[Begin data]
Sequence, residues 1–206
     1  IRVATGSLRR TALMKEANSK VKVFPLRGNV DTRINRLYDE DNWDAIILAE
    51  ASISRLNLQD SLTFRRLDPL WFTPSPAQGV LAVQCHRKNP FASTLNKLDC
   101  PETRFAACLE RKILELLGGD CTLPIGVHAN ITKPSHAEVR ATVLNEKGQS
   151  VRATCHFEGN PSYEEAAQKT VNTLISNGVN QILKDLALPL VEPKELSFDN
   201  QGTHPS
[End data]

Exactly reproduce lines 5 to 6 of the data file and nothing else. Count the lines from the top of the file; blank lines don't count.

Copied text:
   151  VRATCHFEGN PSYEEAAQKT VNTLISNGVN QILKDLALPL VEPKELSFDN
   201  QGTHPS